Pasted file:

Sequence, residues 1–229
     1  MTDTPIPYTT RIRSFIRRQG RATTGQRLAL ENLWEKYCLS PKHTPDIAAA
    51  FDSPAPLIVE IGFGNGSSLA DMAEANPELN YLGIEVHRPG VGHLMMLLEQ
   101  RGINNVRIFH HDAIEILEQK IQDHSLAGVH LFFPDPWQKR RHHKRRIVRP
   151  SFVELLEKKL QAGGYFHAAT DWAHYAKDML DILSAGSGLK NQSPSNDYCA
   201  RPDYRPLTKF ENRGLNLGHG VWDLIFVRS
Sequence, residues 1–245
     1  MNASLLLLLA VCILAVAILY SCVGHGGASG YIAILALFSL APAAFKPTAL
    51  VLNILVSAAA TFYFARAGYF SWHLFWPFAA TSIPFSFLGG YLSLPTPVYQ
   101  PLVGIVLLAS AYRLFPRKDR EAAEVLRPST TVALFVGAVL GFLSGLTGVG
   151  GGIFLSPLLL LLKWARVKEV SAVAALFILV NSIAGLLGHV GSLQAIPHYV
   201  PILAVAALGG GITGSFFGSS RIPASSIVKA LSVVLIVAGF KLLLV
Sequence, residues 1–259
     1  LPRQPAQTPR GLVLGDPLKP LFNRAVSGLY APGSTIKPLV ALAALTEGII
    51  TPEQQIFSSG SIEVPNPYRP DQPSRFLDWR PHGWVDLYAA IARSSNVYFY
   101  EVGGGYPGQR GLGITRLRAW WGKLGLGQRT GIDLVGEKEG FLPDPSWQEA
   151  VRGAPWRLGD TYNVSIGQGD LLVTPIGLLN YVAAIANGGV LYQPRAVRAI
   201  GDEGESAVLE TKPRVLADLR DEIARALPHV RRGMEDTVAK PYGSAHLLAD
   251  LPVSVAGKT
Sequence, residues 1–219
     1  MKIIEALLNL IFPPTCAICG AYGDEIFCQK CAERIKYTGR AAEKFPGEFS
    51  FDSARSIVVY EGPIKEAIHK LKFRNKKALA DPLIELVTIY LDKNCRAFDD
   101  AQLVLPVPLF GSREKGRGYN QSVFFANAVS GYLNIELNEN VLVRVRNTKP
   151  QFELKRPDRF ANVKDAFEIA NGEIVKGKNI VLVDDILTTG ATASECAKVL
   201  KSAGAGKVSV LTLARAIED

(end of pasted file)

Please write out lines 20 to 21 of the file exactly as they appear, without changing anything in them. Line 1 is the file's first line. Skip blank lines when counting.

Sequence, residues 1–219
     1  MKIIEALLNL IFPPTCAICG AYGDEIFCQK CAERIKYTGR AAEKFPGEFS